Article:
Bizet The Pearlfishers

Author: 
Guest

Bizet The Pearlfishers

  • (Les) Pêcheurs de Perles, '(The) Pearl Fishers'

If you don't know the opera, you come away from this recording with a head full of tunes, if you do know it your head is likely to be full of tunes and questions. As provoked here, the questions begin in Act 3 and end in Act 1. After Zurga's aria, the Third Act continues with a duet between him and Leila where two unfamiliar passages appear (the first at ''Quoi? l'innocent''—page 89 in the libretto—extending to ''Nadir! Ah!'', the second a solo for Zurga, ''Tu me demandais sa vie''—page 93). In the Second Tableau the opening chorus is followed (page 101) by a dramatic episode for Nadir and chorus and shortly after that comes a substantial duet for Nadir and Leila (''Ah, Leila'' to ''Nadir, adieu''—page 105). Zurga and Nadir have an additional exchange (''Par ce Dassage''—page 107) and nothing is heard of the final Trio printed in the Choudens score and performed in the Dervaux/EMI recording (''O lumiere sainte''). Dervaux also included a short but significant earlier remark by Zurga (''Mon collier''), omitted in Choudens and in the Plasson recording, and both recordings contain a reprise of the famous tune originally in the Nadir-Zurga duet of Act 1, now sung by the fleeing lovers, and not given in Choudens. The Plasson version adds, in the form of an appendix, a repeat performance of the Act 1 duet, with a totally different final section (''Amitie sainte''), absent from the original Choudens score and Dervaux. Now on all of this, we (and more particularly the section of the public that knows the opera from different and less complete performances) want information. An editorial footnote tells of ''good reasons to believe that the more familiar version [of the duet] is Bizet's'', but the assurance of good reasons is not good enough. Would it be too much to ask what they may be? The printed essay by Jean Roy contains a remark or two about posthumous alterations made after the opera's revival in 1893 but has no explanation (for example) of the textual status of Zurga's ''collier'' phrases or the ''lumiere sainte'' trio. This is an important and textually valuable recording of the opera, and some solid information on textual matters should have accompanied it—and in the days of LP doubtless would have done.
As for the performance, whatever limitations it may have, it is superior in every way to the 1960 recording under Dervaux. That of course had Gedda, who might have been a great source of strength, but who here settles down like the rest of the cast into dull routine. Janine Micheau's clean well-placed production earns gratitude but she never begins to suggest the youth, the fears and tenderness of the girl, while Ernest Blanc and Jacques Mars sing without lustre of voice or spirit, seasoned artists though we know them to be. By comparison Plasson's team have youth on their side and much more than that. Barbara Hendricks has a silvery beauty of voice, charmingly apt in the Brahma Invocation, and she is always imaginatively involved: her ''Je fremis, je chancelle'' in Act 3 most touchingly embodies the frightened young girl who sees tragedy before her. John Aler, less than ideal in the Romance, sings his off-stage serenade most gracefully and is even better in the Love Duet. The Nourabad, Jean-Philippe Courtis, is authoritative and sonorous, and Gino Quilico invests his role with such splendid qualities that for once Zurga takes his rightful place as the central figure in the drama. The Act 3 solo sung conventionally can seem to be little more than Buggins's turn for the baritone, here it is heard as a reflective, deeply personal soliloquy, which with the subsequent duet constitutes the most moving part of the whole performance.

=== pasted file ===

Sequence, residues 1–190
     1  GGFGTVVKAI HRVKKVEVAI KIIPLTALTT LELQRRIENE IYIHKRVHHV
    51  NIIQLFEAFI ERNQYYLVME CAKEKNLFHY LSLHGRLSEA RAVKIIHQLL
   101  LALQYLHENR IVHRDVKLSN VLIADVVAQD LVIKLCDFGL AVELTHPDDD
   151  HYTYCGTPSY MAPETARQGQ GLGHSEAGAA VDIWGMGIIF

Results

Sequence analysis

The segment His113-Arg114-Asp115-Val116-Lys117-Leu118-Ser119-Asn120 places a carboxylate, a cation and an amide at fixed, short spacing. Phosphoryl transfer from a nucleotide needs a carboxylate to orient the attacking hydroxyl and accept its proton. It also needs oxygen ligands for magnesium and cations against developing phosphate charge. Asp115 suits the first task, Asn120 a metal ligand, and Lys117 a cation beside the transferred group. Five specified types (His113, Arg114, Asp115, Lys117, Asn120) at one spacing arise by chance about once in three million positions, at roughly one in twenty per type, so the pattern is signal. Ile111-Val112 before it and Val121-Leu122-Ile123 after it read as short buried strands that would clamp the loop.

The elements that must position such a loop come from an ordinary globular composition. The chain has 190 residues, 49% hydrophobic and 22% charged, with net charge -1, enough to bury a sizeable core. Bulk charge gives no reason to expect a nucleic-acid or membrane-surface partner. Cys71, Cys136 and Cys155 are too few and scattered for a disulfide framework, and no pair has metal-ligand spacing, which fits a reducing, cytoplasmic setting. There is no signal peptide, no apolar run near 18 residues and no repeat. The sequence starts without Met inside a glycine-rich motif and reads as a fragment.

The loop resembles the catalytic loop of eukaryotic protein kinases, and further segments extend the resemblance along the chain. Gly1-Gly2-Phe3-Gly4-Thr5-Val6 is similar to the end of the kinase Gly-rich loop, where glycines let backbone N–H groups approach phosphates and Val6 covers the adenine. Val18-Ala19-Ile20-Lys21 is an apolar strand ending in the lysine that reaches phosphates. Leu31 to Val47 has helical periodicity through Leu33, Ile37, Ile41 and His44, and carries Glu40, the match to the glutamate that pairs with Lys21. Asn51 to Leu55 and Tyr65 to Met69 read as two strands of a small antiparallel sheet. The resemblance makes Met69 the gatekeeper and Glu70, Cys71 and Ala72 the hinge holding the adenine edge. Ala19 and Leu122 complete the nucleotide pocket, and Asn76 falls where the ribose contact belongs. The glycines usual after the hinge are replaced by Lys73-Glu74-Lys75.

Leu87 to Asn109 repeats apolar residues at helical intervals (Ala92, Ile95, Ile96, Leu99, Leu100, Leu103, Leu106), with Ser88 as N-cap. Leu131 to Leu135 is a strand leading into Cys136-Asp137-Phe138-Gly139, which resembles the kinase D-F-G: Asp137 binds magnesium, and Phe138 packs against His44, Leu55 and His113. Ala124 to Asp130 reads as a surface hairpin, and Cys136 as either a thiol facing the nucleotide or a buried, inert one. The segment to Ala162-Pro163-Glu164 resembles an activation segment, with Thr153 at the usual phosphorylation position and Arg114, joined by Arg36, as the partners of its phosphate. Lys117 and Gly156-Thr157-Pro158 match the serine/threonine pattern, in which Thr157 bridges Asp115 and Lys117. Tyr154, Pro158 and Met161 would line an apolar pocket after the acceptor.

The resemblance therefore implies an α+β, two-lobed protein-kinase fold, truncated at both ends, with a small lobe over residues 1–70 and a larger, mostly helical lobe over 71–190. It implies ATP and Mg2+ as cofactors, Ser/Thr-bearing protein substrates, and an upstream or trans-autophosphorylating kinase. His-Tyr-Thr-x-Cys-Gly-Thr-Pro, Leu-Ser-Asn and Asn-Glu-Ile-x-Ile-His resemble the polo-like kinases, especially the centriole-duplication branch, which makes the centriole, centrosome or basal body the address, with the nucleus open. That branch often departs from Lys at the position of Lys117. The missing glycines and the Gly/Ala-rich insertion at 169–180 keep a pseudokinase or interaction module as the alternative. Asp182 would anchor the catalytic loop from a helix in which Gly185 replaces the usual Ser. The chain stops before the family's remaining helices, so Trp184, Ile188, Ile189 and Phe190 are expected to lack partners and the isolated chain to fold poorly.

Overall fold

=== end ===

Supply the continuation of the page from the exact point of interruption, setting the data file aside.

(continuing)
Plasson favours generally slower speeds than the metronome markings (Bizet's?) in the score but all is in due proportion and kept within welljudged limits. Orchestral playing is fine, and the chorus work particularly neat. If there are disappointments they lie for the most part in the famous numbers where we all have a favourite recording to judge by. In ''Au fond du temple saint'' Aler does not sing a soft B flat as does Alessandro Bonci on an andent Fonotipia, and in ''Ton coeur n'a pas compris'' he has not the poetry of Fernando de Lucia (though both of those sing in Italian which for some might put them out of court). Barbara Hendricks has not Ninon Vallin's fine sense of line in ''Comme autre-fois'', and in ''Je crois entendre encore'' neither the singer nor the orchestra captures the feeling for the dreamy melody drifting in the warm night air among the forest leaves rustling in the lightest of breezes. Indeed at that point in the opera it is not clear that this is going to be such a worthy recording; it gets better by the act, and ultimately is not to be missed.'

Gramophone Subscriptions

From£67/year

Gramophone Print

Gramophone Print

no Digital Edition
no Digital Archive
no Reviews Database
no Events & Offers
From£67/year
Subscribe
From£67/year

Gramophone Reviews

Gramophone Reviews

no Print Edition
no Digital Edition
no Digital Archive
no Events & Offers
From£67/year
Subscribe
From£67/year

Gramophone Digital Edition

Gramophone Digital Edition

no Print Edition
no Reviews Database
no Events & Offers
From£67/year
Subscribe

If you are a library, university or other organisation that would be interested in an institutional subscription to Gramophone please click here for further information.

© MA Business and Leisure Ltd. 2018